News that Arthur T. Demoulas and his affiliated shareholders are attempting to buy out the rival side of the Market Basket-owning family has not made employees confident that Demoulas will be returned to head of the company anytime soon.

The offer creates a potential solution to the Market Basket crisis but the other side of the Demoulas family has not said whether it is open to selling its stock.

Employees have stuck with plans to rally at 9 a.m. today in what they're calling the biggest -- and final -- rally.

A website for employees, called We Are Market Basket, sounded a message Thursday that their fight is not over just because of the ownership offer. The other side of the family, associated with Arthur S. Demoulas, the cousin and rival of the former CEO, owns 50.5 percent of the company.

"Just because ATD has tendered an offer to buy the company does not change what we are doing," the website said, referring to Arthur T. Demoulas.

"It is great news, however, it is a shareholder issue that could take some time to work out even if the (Arthur S. Demoulas) side wants to sell to ATD," it said. "That being said, we continue to picket and boycott the markets. Our fight is directly with the (board of directors) for them to reinstate ATD as CEO without restriction."

In fact, the website made so little of the potential purchase by Arthur T. that it didn't even mention it whatsoever on Thursday.


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Employees, who began walking out on their jobs last Friday, have said they've been surprised at how many customers have chosen to shop elsewhere as a show of support for workers. The company, which has annual sales of more than $4 billion, is said to be losing millions of dollars a day in potential revenue.

Workers and shoppers have posted photos of empty parking lots and aisles on social media as a rallying cry of how slumping sales might force the chain's directors to reinstate Arthur T.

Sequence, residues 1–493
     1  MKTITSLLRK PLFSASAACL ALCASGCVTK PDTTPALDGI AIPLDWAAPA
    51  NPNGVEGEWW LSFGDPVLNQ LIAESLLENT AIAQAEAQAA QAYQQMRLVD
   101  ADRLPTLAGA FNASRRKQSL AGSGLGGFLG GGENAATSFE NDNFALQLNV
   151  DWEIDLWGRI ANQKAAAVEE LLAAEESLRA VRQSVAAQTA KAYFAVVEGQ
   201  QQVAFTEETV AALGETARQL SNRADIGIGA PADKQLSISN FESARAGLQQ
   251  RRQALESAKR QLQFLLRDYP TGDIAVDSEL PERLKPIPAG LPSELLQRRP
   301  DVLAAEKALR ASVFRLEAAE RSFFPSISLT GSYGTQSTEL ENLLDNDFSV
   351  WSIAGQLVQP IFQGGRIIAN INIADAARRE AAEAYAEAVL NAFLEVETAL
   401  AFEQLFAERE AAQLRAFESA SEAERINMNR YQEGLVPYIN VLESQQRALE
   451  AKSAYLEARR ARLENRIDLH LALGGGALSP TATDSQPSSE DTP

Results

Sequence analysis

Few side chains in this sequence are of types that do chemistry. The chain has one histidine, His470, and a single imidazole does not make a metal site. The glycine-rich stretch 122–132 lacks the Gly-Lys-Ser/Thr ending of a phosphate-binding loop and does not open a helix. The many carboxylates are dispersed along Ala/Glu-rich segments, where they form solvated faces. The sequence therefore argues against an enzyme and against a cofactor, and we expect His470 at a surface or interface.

"I knew we had a strong customer base, but this is overwhelming," said Tom Trainor, an employee of 41 years who was district supervisor until he was fired Sunday.

Trainor said the news that Arthur T. and his side of the family are attempting to buy out the whole company is "great news, but it doesn't change our focus."

"It would be wonderful if he bought it, but that could be months down the road," he said. "Everyone's reaction is, great news, but that doesn't really change what we're trying to do."

Rosalie Hagopian, an administrative assistant and 41-year employee, said workers remain as steadfast as ever to get their old boss back.

"We want Artie back and we want him reinstated with no restrictions," she said. "That's what we want."

"We're stronger than ever," Hagopian added. "Tomorrow I think you're going to see double the number of people that were there Monday," she said of Friday's rally.

Members of the majority-control side of the Demoulas family have not commented on whether they might sell their shares.

Arthur S. Demoulas did not return a message seeking comment Thursday. David Gilpatric, a small shareholder, didn't return a message seeking comment, and others couldn't be reached.

Arthur T.'s side of the family had a majority stake in the company until June 2013. That was when Rafaela Evans, a member of the Arthur S. side of the family, switched allegiances. With majority stake, the Arthur S. side has control over most of the board of directors.

A directors meeting is reportedly scheduled for 9 a.m. today. It's unclear whether the board will take up employees' demand that Arthur T. be reinstated, but the chain's new co-CEOs have said they've forwarded the demand to the board for consideration.

Follow Grant Welker on Twitter and Tout @SunGrantWelker.